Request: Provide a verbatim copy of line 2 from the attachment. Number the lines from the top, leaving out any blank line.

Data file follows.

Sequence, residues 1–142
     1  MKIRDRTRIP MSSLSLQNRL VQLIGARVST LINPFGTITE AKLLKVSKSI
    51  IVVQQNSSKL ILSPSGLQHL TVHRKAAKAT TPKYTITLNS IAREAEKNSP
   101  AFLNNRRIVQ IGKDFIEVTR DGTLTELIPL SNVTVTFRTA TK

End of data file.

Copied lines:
     1  MKIRDRTRIP MSSLSLQNRL VQLIGARVST LINPFGTITE AKLLKVSKSI